beaver swimming

Working together to bring back beavers

Beavers are a wonder to behold. They are ecosystem engineers–able to modify their habitats and change landscapes in ways that cultivate biodiversity and create wetlands. That ability makes them keystone species–they have an outsize influence on their ecosystems and the species they live with.

But as a species, they also need help and protection, as do the crucial wetlands they create. All of us can play a part.

Join Britain’s Beaver Trust

Before they were hunted to local extinction 400 years ago, Beavers once shaped Britain’s waterways, creating thriving wetlands and complex river systems that brimmed with biodiversity. Beaver Trust is working to restore beavers to their former range across Britain, which will help build climate resilient landscapes and restore freshwater habitats and the species that rely on them. Help Beaver Trust mobilize widespread public awareness, acceptance, and appreciation for this crucial keystone species. 

Get involved by visiting

Illustration of a beaver

close up of beaver walking on land

Become a Beaver-Tracking Citizen Scientist

The recovery of beavers is of high interest to many ecologists and park rangers all across the US – especially in the Pacific Northwest, where they rely on citizen scientists to submit photos of beaver sightings. Join the search for beavers–or any other wild animals and plants–using the free app iNaturalist to take photos and identify animals you spot. The database of images is used by researchers to track species distribution and recovery.

Participate in the Beavers Northwest Beaver Tracking Project at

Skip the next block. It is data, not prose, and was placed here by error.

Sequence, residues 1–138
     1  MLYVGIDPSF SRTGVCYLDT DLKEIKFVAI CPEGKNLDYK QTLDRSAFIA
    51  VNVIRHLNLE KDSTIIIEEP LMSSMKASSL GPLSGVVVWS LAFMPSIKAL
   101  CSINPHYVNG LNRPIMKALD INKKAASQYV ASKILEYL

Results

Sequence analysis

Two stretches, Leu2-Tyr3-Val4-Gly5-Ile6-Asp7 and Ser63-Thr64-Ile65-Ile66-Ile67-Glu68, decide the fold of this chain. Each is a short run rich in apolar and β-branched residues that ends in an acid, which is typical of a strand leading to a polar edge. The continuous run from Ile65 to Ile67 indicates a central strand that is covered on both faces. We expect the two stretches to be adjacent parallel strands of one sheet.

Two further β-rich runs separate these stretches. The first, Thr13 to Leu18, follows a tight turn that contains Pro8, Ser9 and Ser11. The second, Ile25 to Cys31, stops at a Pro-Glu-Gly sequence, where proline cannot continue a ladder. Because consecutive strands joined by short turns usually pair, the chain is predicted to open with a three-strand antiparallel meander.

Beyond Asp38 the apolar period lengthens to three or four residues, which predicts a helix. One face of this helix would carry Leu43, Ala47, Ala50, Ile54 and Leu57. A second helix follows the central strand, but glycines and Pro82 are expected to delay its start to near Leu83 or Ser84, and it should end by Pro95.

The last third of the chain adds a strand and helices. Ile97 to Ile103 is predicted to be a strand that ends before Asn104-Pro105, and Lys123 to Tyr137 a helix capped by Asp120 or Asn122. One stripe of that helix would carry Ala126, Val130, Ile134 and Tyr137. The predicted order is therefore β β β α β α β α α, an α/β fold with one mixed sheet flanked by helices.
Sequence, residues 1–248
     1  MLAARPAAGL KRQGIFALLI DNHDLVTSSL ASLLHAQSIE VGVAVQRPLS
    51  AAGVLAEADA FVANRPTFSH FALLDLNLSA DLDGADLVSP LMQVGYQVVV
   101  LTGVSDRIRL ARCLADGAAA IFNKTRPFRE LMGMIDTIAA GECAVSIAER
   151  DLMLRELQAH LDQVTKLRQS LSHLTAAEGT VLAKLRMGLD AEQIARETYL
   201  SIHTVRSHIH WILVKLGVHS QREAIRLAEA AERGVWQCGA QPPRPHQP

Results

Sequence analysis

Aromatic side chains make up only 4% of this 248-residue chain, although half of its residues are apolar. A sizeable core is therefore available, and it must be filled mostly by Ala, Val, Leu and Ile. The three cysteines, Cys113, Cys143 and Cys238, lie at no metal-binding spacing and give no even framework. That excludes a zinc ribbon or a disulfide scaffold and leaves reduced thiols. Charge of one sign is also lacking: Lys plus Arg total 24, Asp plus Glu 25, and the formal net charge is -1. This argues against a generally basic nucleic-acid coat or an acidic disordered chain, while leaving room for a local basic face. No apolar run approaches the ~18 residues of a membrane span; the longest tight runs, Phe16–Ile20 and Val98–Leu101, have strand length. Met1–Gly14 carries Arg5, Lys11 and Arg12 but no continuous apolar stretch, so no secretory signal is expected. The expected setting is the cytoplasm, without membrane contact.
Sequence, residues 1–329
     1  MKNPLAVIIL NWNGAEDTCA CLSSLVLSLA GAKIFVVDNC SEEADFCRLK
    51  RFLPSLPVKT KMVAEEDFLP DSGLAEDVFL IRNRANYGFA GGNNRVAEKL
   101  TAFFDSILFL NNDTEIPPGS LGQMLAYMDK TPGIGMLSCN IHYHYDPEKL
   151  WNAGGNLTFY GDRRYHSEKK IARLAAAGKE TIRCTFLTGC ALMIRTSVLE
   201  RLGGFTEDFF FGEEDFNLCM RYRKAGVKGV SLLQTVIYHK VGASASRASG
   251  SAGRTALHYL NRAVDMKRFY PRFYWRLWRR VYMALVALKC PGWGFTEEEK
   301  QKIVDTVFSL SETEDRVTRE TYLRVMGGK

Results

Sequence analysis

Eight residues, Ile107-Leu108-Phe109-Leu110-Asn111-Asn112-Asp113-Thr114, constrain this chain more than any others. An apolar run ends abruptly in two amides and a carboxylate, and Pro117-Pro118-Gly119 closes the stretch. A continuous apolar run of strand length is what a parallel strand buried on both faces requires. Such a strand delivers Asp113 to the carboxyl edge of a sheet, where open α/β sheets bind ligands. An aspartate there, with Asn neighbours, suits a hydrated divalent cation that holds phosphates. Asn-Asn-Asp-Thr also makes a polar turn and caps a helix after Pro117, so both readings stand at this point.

Illustration of a beaver

a biologist looking for beavers with binoculars

Identify Beaver Dams from Space

You can support beavers without leaving your home by participating in the “Beavers From Space” project. Help scientists in Alberta, Canada identify beaver dam locations in regional streams and rivers by searching through satellite imagery for beaver dams and lodges in the waterways.

Become a Dam Detective at

Illustration of a beaver

aerial view of a Beaver dam

Champion Accessibility

Like pioneering conservationist Sacha Dench, many outdoor enthusiasts require accessible trails, which offer wide, hard surfaces without steep inclines. Creating accessible trails in parks and wetlands is an important step towards making these wild spaces available to individuals with disabilities, including those in wheelchairs. Land owners and parks and recreation managers can learn more from the National Center on Accessibility.

In the United States, accessible trails can be found in many national and state parks.

Find An Accessible Park at

Illustration of a beaver

a wheelchair using an outdoor walkway